Is Australia set to spoil the party when it comes to climate change commitments at the December 2015 UNFCC Conference of the Parties in Paris?
While chaos reigns in the network network regulatory space with electricity prices driven upwards over the past 10 years by blowouts in electricity distribution network spending, is the situation any better in the climate change space? What is the state of the Australian electricity sector’s greenhouse gas emissions and are the current policies going to improve things?
This is a key issue going into the December 2015 UNFCC Conference of the Parties (COP) in Paris. This conference holds the hope of a global climate agreement, which – if it occurs – would be the first international agreement since the 1997 Kyoto Protocol. This time, countries must come to the conference with their Intended Nationally Determined Contributions (INDC). These can be quoted in different forms such as Australia’s Climate Change Authority’s (CCA) recommended reduction in CO2 equivalent emissions of 30 per cent below 2000 levels by 2025 and further reductions of up to 30 per cent by 2030 to ensure Australia’s fair contribution to global efforts.
These calculations all take into account the carbon budget approach recently updated to 1,700 billion tonnes of CO2 in total if we are to have a two in three chance of limiting global average temperature rises to two degrees Celsius.
The US and China, following a historic agreement this year, have both pledged significant reductions. The US has pledged a 26 to 28 per cent reduction on 2005 levels by 2025, while China has pledged a 60 to 65 per cent reduction in per unit GDP emissions by 2030. This is a significant pledge and comes alongside a commitment to having 20 per cent of energy coming from non-fossil fuel sources by the same date. China has committed to having its emissions peak by 2030. Canada has also committed to a 30 per cent reduction from 2005 levels by 2030.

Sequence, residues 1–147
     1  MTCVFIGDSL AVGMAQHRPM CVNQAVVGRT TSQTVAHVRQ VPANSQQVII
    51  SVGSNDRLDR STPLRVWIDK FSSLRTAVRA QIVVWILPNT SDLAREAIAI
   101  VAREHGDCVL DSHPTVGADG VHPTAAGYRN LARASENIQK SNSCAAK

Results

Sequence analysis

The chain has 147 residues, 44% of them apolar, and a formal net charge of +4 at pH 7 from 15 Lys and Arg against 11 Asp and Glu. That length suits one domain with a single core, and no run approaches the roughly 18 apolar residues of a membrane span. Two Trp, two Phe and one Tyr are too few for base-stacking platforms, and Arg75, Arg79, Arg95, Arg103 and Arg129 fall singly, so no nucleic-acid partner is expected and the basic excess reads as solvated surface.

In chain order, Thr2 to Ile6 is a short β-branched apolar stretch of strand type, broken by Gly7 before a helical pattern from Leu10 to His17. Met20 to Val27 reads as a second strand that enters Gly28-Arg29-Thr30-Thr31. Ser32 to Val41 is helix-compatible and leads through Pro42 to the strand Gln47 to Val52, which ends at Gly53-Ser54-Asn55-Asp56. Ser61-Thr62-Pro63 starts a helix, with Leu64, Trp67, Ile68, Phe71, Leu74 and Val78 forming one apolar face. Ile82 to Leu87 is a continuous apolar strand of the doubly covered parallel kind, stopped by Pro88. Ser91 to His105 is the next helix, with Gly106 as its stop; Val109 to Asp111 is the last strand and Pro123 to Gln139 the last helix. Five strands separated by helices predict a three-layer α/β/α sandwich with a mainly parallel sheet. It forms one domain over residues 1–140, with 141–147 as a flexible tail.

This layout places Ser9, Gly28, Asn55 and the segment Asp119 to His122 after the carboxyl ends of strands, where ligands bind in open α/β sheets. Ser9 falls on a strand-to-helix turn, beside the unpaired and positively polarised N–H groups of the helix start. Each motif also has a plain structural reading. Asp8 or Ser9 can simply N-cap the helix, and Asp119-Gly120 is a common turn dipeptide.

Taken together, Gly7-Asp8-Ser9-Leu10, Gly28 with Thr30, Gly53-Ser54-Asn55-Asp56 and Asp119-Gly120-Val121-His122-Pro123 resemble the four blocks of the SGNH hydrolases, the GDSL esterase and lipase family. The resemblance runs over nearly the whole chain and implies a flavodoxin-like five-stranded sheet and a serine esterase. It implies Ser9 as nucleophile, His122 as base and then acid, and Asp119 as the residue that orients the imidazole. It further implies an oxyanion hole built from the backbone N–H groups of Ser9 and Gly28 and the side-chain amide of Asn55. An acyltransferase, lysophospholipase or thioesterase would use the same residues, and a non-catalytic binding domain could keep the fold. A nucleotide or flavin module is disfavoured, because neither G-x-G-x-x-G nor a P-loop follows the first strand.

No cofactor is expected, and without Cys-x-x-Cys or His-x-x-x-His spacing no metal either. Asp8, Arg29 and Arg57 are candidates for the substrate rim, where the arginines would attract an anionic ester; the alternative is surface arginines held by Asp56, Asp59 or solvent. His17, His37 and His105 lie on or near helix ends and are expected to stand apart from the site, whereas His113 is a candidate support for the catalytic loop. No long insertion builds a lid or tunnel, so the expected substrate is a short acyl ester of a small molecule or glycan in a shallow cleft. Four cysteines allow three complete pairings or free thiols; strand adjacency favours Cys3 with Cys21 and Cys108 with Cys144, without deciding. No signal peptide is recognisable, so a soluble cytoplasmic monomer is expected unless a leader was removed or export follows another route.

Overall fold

The last major player that has already made its INDC commitment is Europe (including the UK), which is targeting a 40 per cent reduction on 1990 levels by 2030. This is quite significant. Interestingly, Russia pledged a 70 to 75 per cent reduction by 2030 below 1990 levels, but this relies mostly on reduction in deforestation and other land-use changes. This is hard to take seriously!
Meanwhile, what is really happening in Australia? Are we serious about coming to the party with a sufficiently strong offer or are we going to be party poopers? So far, it is looking like it is going to be the latter. Environment Minister Greg Hunt’s response to the CCA’s recommendations were that they are far too ambitious and by far the largest in the world. From what he said, it looks like Australia might be going in with the bipartisan position we’ve had for the past few years. This is unfortunately a very short-range proposal of five per cent reduction on 2000 levels by 2020. Given that we seem to be well on track for this one due to the unplanned reduction in electricity consumption since 2008 (eight per cent to date) this is looking like an easy goal.
Finally, what are the actual policies on the ground at the moment? Well, the Carbon Price is well and truly gone and the evidence is strong that emissions have been tracking upwards since its repeal, which is unsurprising. A slight ray of hope is that the uncertainty over the renewable energy target is finally over. The original large-scale target of 41,000 megawatt/hours has been revised down to 33,000 megawatt/hours. However, the key driver of uncertainty of the two yearly reviews of the target has been removed with no reviews until the target deadline of 2020. The small-scale target (that pertains to solar PV and solar hot water installations) has not been touched, which is also good news.
One of the major low-hanging fruit in emission reduction is still outstanding: a national energy efficiency scheme. This is something that has been talked about by both major parties forever and a day. Perhaps we will hear about it soon given that the recent Energy White Paper pushed energy efficiency pretty strongly. But I wouldn’t hold my breath.
What do all these imply for Australia’s INDC going into Paris in December? My guess is that there will be a minor symbolic improvement in our commitments that looks good on paper but is weaker than the other major economies. Something perhaps like five per cent by 2020 and 15 per cent by 2030 with an aspirational 50 per cent by 2050.
I look forward to being pleasantly surprised.